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Irish Independent
Irish Independent
World
Tom Balmforth

Ukraine war: US issues stark warning to Russia of ‘catastrophic consequences’ of fulfilling nuclear weapons threat

Ukraine's president Volodymyr Zelensky. Photo: Ukrainian Presidential Press Service/Handout via Reuters

The United States warned Moscow of “catastrophic consequences” if it uses nuclear weapons in Ukraine after Russia promised protection to Ukrainian regions that Moscow look set to annex following widely criticised referendums.

Citizens in four regions of Ukraine were voting for a fourth day yesterday in the Russian-organised referendums that Kyiv and the West have branded a sham. They say the outcomes are pre-determined and they will not recognise the results.

But by incorporating the four regions – Luhansk and Donetsk in the east and Zaporizhzhia and Kherson in the south – Moscow could portray Ukraine’s efforts to retake them as attacks on Russia itself, a warning to Kyiv and its western allies.

US national security adviser Jake Sullivan said the US would respond to any Russian use of nuclear weapons against Ukraine.

“If Russia crosses this line, there will be catastrophic consequences for Russia,” Mr Sullivan told NBC television on Sunday. “The United States will respond decisively.”

Mr Sullivan did not say how Washington would respond but said it had privately told Moscow “in greater detail exactly what that would mean”.

His comments followed last Wednesday’s thinly veiled nuclear threat by President Vladimir Putin, who said Russia would use any weapons to defend its territory.

Asked at the weekend if Moscow would consider using nuclear weapons to defend annexed regions, Russia’s foreign minister Sergei Lavrov said Russian territory, including that “further enshrined” in Russia’s constitution in the future, was under the “full protection of the state”.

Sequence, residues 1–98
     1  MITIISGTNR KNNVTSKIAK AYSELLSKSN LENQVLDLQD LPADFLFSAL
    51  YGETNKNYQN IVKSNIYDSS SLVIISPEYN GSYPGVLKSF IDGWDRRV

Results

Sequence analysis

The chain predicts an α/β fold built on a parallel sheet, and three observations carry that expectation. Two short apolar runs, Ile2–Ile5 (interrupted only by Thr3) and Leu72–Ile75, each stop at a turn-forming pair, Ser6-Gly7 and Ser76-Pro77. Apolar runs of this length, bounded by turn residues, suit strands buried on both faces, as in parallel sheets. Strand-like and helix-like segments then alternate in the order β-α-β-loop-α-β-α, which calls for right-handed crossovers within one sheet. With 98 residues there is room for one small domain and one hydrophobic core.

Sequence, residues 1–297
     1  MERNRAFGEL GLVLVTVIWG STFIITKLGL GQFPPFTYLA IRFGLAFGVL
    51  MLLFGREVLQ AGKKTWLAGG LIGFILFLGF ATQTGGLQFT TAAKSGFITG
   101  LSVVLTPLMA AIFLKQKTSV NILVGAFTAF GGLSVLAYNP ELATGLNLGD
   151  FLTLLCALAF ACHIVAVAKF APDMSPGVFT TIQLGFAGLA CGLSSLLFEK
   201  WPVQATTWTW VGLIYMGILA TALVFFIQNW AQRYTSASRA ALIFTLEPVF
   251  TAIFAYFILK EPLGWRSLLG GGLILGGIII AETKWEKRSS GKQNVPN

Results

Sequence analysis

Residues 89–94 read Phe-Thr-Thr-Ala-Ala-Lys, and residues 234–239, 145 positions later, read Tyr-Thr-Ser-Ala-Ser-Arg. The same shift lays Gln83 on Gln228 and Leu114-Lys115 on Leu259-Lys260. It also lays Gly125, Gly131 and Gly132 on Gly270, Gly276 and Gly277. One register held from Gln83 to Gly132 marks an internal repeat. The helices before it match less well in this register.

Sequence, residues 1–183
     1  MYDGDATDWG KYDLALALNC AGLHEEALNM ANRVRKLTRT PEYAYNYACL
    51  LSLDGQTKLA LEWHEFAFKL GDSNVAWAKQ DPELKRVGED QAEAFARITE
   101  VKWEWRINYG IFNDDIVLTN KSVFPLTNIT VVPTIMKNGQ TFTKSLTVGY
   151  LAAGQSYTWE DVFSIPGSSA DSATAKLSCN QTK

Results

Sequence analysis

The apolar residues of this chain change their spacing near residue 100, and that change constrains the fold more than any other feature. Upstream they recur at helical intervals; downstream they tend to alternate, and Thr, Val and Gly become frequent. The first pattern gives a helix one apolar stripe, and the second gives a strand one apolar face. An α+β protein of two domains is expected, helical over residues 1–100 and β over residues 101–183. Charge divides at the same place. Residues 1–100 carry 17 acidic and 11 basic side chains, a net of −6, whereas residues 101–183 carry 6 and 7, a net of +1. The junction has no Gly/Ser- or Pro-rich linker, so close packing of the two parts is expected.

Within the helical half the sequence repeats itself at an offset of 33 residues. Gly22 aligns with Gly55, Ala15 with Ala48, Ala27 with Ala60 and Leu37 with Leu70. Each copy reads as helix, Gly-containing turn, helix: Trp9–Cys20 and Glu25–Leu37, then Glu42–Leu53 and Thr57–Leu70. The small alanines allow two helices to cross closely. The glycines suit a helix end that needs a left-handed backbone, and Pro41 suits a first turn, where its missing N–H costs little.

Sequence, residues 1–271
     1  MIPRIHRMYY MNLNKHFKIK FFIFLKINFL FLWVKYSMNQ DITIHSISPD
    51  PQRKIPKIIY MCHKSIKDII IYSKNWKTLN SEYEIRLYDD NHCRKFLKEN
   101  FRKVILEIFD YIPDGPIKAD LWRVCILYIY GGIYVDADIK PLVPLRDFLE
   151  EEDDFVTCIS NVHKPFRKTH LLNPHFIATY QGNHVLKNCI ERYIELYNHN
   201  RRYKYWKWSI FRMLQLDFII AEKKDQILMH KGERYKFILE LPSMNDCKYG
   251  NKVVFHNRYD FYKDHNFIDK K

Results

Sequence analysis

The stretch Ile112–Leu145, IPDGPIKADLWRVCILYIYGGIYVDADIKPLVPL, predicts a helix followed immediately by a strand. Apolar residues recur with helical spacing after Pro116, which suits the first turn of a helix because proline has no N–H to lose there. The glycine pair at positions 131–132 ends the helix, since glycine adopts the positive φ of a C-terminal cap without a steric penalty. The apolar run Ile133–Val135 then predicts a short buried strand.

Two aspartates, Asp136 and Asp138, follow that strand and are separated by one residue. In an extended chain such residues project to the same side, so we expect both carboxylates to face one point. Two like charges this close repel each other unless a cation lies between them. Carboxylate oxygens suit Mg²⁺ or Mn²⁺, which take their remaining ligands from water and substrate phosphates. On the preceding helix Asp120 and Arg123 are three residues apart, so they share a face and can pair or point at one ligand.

Ukrainian president Volodymyr Zelensky said he did not believe Putin was bluffing when the Kremlin leader said Moscow would be ready to use nuclear weapons to defend Russia.

The governor of Luhansk, Serhiy Gaidai, said Russian-backed officials were carrying ballot boxes door to door, accompanied by security officials.

Residents’ names were taken down if they failed to vote correctly or refused to cast a ballot, he said.

The four regions represent about 15pc of Ukraine, and Russian forces don’t control all the territory in those regions, where fighting still rages.

Controlling these regions would follow the annexation by Russia of Crimea in 2014 after a similar referendum there.

Voting ends today and Russia’s parliament could then move swiftly to formalise the annexations.

Ukraine, bolstered by sophisticated western weapons, has recaptured swathes of territory over the past month, prompting Putin last week to order Russia’s first military mobilisation since World War II to enlist 300,000 additional troops.

That move has unleashed protests across Russia and sent many men of military age fleeing.

Almost 17,000 Russians crossed the border into Finland over the weekend, Finnish authorities said on yesterday.

More than 2,000 people have been detained across Russia for protests at the draft,  independent monitoring group OVD-Info said. With criticism of the conflict banned, the demonstrations were among the first signs of discontent since the war began.

A 25-year-old gunman opened fire at a draft office yesterday in the Irkutsk region of Siberia, the local governor said.

In Russia’s Muslim-majority southern region of Dagestan, police clashed with protesters, leading to the detention of at least 100 people.

Ukraine’s presidential adviser Mykhailo Podolyak mocked Russia’s conscription drive yesterday in a tweet, listing among its features “kilometres-long queues to leave” and thousands of complaints “before the coffins begin to return”.

Separately, Mr Zelensky said Ukrainian troops had found two more mass burial sites containing the bodies of hundreds of people in the northeastern town of Izium, part of territory recaptured from Russian forces this month.

The seven-month war in Ukraine has killed tens of thousands, flattened towns and cities, fuelled global inflation and triggered the worst confrontation between Moscow and the West since the 1962 Cuban Missile Crisis, when the United States and the Soviet Union came closest to nuclear conflict.

UN atomic watchdog chief Rafael Grossi said yesterday he was ready to hold talks in Ukraine and Russia this week on setting up a protection zone at the Russian-held Zaporizhzhia nuclear power plant in Ukraine. He added such a zone is needed urgently to prevent an atomic disaster.

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